Caught in the Stage Light

December 11, 2008
By gabbie saurette, Post Falls, ID

“Ladies and Gentlemen, please welcome Heidi Harris!”
The applause swallowed the end of the name as the young star took the center stage. She took a bow and tuned her violin while the audience read in their programs that Heidi was only seventeen, that she was attending Eastman and that she had a dog named Jojo. Then the lights dimmed even more and they were forced to look at Heidi herself and the orchestra behind her.

Heidi had always been told that stage lights did nothing to help complexion and appearance. Her dress and makeup always had to have the ‘spotlight check’ before the big night. This evening the lights weren’t helping the audience either. In the gloom their faces fell into grotesque poses. With each second they seemed to come nearer, their eyes starring cruelly into her face. The conductor was looking at her too, waiting for her cue to begin. The violists were admiring her dress. She could feel their eyes on her back. She told a shaky breath raised her bow and began.

The melody was slow and romantic and Heidi had played only a few measures before the bald man in row two leaned over and kissed his wife on the cheek. But the music did not have as good an effect on Heidi.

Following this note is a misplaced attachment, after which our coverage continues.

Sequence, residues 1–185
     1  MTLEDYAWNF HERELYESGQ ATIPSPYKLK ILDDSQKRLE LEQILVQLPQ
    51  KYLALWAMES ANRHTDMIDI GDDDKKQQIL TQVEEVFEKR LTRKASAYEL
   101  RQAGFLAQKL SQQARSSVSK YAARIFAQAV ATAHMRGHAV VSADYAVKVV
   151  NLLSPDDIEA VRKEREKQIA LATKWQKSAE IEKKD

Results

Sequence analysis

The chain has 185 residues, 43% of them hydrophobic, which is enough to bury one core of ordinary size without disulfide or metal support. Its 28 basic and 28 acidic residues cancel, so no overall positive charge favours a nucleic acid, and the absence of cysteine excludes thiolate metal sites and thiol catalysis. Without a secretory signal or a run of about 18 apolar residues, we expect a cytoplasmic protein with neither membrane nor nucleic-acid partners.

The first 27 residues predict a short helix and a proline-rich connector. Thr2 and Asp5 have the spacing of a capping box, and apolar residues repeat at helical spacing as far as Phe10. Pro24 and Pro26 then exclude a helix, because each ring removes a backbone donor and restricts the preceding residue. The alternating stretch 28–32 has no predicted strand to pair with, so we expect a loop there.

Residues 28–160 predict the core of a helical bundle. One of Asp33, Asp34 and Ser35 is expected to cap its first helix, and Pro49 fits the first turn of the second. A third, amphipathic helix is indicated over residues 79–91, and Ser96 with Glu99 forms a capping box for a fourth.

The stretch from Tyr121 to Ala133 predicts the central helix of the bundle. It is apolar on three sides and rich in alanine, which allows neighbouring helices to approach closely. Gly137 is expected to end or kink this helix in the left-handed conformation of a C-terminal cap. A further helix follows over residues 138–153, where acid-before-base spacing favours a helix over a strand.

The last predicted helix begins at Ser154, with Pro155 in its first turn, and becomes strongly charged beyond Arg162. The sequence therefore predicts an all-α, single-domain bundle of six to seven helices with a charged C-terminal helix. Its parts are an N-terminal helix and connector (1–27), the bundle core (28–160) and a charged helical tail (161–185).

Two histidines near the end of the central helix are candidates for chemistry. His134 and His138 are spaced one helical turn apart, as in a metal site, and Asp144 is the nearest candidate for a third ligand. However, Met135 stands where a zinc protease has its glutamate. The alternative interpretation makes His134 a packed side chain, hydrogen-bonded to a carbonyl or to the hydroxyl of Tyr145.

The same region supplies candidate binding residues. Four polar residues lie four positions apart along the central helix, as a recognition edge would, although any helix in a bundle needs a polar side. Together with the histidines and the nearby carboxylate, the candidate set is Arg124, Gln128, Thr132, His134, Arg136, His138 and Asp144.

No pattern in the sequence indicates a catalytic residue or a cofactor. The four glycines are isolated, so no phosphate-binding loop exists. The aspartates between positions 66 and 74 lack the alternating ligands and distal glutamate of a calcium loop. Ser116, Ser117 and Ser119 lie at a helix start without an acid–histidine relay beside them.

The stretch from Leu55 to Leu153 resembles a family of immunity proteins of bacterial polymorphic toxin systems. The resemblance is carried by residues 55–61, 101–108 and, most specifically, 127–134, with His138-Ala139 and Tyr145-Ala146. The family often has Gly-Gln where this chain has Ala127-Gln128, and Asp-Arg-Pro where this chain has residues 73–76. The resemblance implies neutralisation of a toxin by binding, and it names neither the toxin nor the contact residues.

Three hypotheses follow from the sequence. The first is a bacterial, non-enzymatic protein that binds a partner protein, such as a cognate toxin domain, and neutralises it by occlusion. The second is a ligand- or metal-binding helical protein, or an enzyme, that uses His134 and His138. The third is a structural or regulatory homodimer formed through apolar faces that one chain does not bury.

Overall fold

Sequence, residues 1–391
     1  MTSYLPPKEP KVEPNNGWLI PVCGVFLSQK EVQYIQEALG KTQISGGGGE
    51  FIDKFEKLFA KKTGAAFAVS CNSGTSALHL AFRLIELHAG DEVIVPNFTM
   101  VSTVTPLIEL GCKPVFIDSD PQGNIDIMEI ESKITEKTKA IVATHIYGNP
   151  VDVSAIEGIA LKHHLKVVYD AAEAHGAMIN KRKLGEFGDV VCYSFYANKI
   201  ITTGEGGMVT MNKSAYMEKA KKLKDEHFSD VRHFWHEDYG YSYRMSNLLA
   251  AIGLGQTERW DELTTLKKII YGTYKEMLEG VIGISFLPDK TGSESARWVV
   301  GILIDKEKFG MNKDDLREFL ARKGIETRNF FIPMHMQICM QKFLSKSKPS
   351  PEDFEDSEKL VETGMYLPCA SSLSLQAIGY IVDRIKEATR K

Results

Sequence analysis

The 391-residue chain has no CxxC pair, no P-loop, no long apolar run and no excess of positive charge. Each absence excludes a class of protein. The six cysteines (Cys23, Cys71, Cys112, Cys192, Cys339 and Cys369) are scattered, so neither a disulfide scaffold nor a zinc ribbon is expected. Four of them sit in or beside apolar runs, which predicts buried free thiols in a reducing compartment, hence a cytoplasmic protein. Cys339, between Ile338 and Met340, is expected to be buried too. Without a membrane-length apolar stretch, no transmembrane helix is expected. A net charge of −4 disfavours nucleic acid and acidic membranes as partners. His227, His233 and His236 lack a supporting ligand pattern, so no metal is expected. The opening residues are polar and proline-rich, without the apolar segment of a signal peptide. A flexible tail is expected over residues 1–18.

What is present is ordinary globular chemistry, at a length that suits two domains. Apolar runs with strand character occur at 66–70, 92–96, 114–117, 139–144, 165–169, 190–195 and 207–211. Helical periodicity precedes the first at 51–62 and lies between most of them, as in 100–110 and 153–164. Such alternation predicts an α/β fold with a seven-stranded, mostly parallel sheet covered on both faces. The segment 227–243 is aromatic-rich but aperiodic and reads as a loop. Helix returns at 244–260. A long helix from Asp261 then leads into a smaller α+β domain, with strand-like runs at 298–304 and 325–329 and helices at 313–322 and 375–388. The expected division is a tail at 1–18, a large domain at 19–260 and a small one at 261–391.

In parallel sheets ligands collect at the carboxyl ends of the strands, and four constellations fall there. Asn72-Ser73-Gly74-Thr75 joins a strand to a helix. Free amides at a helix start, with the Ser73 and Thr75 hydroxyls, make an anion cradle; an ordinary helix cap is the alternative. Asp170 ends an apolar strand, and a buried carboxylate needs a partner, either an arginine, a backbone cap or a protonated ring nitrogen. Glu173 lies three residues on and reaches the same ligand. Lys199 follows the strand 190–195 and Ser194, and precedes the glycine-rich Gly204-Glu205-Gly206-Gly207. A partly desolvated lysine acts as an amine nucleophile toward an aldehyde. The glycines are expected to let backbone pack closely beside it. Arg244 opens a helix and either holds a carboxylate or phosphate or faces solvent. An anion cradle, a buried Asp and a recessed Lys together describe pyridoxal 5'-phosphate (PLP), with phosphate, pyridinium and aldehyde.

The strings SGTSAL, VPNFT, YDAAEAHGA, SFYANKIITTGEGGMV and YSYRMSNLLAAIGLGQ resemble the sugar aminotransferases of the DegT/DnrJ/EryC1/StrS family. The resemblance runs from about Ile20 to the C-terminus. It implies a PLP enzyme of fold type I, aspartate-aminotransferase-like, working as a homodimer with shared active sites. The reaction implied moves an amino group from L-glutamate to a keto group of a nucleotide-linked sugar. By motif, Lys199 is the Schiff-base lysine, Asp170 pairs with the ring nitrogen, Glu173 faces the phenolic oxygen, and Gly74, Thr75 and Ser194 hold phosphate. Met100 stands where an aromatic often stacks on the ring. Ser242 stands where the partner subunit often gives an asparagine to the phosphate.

Who ever had set up the orchestra chairs must have forgotten that she was playing because they had left her hardly any room to move. Three feet, maybe three and a half. Heidi liked to dance with her music, and tonight she was forced to keep her feet locked in place to avoid tumbling off the front of the stage.

She knew the song well and knew that even the conductor as following her every move. She knew that the piece was twenty-eight minutes long and suddenly remembered that there was a matinee tomorrow that she had to play at again.

The lights burned her cheeks as she drew the bow back and forth across the strings. A blister from walking to too many rehearsals in high heels surfaced as she carefully shifted her weight. A strand of hair came loose and fell in front of her eyes but Heidi could still see the sea of starring eyes. And tomorrow would be the same, and next week and the week after that and the next month and the following year.

The clapping brought her back to the present. She must have finished playing, but couldn’t really remember. The crowd was on their feet, their faces closer than ever, applauding wildly, stupidly. They wanted an encore.

As the orchestra fumbled with their music, Heidi realized what it meant to be caught in the stage light.

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This article has 1 comment.

cocopop08 said...
on Dec. 28 2008 at 4:58 pm
this story bespeaks a great author! can you write more, gabbie s? i like it.


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